Feeling for Harmony
Pianist Amir Katz Gave a Breathtaking Master Concert Yesterday Evening
Unna. Only after two encores did the enthusiastic audience let the pianist go following a breathtaking concert on Sunday evening. “You may go ahead and clap!” Amir Katz said after the B-minor Adagio, K. 540, of W. A. Mozart. You could almost cut the silence with a knife after the last sound had faded away. For here appeared a different Mozart: dark, mournful, perplexed, questioning, wan, and full of melancholy that in the Rondo in A minor, K. 511, turned into wistful resignation reflected in the sometimes almost hesitant repetition of the rondo theme.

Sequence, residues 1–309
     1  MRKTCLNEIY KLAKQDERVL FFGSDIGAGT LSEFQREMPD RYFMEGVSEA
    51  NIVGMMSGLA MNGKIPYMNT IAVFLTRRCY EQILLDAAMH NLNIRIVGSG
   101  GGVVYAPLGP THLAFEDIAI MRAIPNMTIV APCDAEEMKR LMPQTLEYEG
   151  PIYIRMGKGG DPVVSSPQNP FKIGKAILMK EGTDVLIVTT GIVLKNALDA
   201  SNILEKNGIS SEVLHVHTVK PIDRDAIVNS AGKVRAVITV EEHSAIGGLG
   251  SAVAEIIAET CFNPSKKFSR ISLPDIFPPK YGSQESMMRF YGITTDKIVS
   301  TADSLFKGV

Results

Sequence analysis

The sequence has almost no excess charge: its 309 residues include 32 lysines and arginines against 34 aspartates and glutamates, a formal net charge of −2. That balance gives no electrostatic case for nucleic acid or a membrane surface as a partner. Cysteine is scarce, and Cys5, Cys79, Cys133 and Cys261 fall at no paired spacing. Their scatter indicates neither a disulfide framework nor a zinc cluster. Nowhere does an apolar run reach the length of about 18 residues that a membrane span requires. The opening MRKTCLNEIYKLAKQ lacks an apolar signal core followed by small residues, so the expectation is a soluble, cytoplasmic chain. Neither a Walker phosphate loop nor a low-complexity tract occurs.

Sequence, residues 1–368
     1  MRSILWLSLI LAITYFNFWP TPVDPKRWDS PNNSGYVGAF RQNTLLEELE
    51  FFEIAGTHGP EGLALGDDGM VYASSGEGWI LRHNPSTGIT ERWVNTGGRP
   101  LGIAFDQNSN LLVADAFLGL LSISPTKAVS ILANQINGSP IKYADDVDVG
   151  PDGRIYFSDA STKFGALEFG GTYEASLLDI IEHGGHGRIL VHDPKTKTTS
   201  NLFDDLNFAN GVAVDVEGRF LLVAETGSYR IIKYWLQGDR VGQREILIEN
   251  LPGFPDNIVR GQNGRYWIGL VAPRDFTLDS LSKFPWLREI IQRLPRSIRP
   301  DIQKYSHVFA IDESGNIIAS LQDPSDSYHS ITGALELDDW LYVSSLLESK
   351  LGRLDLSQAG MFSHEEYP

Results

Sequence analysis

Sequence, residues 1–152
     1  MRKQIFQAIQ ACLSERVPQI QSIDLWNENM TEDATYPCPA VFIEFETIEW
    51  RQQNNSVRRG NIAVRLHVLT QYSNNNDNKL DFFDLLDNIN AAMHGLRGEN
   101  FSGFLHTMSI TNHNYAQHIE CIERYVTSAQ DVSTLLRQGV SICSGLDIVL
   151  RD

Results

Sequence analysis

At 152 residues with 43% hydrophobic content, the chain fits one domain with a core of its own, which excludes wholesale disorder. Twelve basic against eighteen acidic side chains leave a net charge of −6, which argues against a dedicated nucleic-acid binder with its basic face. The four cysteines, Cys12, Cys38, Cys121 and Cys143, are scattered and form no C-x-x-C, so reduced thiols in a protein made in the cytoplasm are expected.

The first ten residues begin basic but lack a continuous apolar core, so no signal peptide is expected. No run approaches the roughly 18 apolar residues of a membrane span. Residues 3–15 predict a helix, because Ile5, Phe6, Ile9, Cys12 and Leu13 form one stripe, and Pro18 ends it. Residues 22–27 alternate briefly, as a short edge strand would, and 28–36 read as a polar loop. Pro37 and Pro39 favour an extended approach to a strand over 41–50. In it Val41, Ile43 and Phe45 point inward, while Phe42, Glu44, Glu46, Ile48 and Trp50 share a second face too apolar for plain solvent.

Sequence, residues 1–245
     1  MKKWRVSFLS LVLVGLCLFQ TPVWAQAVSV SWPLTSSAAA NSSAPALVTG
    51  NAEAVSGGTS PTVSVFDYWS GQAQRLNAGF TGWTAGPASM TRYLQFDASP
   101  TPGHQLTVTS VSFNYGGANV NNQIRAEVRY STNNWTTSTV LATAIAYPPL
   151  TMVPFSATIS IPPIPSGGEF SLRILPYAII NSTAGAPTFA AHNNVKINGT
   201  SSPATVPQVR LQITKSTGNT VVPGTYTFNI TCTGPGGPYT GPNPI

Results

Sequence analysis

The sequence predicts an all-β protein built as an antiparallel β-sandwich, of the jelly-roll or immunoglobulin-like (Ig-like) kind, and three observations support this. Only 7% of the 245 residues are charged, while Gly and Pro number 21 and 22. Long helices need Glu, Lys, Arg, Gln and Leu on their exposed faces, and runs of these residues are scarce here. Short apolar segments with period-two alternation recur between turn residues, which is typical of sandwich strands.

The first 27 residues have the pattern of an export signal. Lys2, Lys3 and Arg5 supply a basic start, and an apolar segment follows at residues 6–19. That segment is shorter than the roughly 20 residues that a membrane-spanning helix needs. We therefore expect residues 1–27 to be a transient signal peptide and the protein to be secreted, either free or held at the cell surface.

All the more stupendous is the somnambulistic certainty with which he shapes the 12 Etudes, Op. 10, of F. Chopin into differentiated character pieces following the intermission. Although “etudes” are meant as exercise pieces for improving technical abilities, with Katz they are not only bravura pieces in which he places all his virtuosic capability in the service of interpretation. Here an entire world of enhanced tonal feeling arises, now in powerful bass runs under broadly unloading arpeggiated chords, now in sparkling chromatic runs, in gorgeous cantilenes that frame a furious intermezzo, now plaintive, then pressing forward again, here floating carpets of sound, there full-handed chords.
Agile spryness produces an iridescent shimmering up to the quietest echoing conclusion. It is no wonder then that Katz’s smart feeling for harmony loosens the audience’s mood with the two encores: Chopin waltzes in E-flat major, Op. 18, and C-sharp minor, Op. 64, No. 2. This pianist is addictive!